On the energy budget of a low-Arctic snowpack

Lackner, Georg ; Domine, Florent ; Nadeau, Daniel F. ; Parent, Annie-Claude ; Anctil, François ; Lafaysse, Matthieu ; Dumont, Marie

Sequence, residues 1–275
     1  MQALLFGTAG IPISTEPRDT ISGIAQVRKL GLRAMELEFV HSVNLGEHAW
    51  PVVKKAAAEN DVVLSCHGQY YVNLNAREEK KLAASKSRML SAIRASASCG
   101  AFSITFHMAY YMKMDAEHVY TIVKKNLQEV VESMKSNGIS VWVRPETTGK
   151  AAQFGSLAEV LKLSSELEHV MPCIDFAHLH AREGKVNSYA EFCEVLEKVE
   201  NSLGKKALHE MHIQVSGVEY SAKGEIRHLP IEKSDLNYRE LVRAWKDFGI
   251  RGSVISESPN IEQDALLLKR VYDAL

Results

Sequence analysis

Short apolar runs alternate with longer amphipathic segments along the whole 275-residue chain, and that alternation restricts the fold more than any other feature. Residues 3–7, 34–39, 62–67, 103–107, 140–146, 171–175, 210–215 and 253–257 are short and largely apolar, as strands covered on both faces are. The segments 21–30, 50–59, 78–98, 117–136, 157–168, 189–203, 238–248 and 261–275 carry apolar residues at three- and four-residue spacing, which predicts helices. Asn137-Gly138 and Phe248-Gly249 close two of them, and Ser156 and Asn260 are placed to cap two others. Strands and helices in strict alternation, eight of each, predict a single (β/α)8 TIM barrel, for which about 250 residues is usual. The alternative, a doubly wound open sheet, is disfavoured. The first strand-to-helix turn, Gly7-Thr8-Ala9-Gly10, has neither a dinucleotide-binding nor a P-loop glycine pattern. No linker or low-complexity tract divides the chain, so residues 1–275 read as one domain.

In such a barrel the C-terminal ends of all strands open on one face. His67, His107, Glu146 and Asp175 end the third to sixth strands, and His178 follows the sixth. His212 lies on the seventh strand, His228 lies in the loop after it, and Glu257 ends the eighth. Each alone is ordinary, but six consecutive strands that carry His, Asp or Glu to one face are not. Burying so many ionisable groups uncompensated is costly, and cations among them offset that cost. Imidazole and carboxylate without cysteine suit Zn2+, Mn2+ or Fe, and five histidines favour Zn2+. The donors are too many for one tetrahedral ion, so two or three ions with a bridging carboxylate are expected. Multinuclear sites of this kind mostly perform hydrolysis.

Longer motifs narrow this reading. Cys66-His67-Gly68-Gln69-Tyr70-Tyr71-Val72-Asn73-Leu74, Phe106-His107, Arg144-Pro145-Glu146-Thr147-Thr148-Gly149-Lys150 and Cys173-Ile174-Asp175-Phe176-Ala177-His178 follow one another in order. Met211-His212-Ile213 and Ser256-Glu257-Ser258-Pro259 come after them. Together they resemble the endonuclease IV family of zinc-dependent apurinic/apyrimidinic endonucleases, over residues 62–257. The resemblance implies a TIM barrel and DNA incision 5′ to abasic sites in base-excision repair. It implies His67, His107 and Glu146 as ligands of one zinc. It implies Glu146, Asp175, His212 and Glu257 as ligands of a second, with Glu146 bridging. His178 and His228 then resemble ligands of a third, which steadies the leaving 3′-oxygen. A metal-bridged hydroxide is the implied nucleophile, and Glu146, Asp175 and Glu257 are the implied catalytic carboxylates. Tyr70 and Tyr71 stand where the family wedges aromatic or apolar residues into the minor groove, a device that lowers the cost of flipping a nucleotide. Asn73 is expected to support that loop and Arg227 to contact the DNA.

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<p align=justify>Arctic landscapes are covered in snow for at least 6 months of the year. The energy balance of the snow cover plays a key role in these environments, influencing the surface albedo, the thermal regime of the permafrost, and other factors. Our goal is to quantify all major heat fluxes above, within, and below a low-Arctic snowpack at a shrub tundra site on the east coast of Hudson Bay in eastern Canada. The study is based on observations from a flux tower that uses the eddy covariance approach and from profiles of temperature and thermal conductivity in the snow and soil. Additionally, we compared the observations with simulations produced using the Crocus snow model. We found that radiative losses due to negative longwave radiation are mostly counterbalanced by the sensible heat flux, whereas the latent heat flux is minimal. At the snow surface, the heat flux into the snow is similar in magnitude to the sensible heat flux. Because the snow cover stores very little heat, the majority of the upward heat flux in the snow is used to cool the soil. Overall, the model was able to reproduce the observed energy balance, but due to the effects of atmospheric stratification, it showed some deficiencies when simulating turbulent heat fluxes at an hourly timescale.</p>
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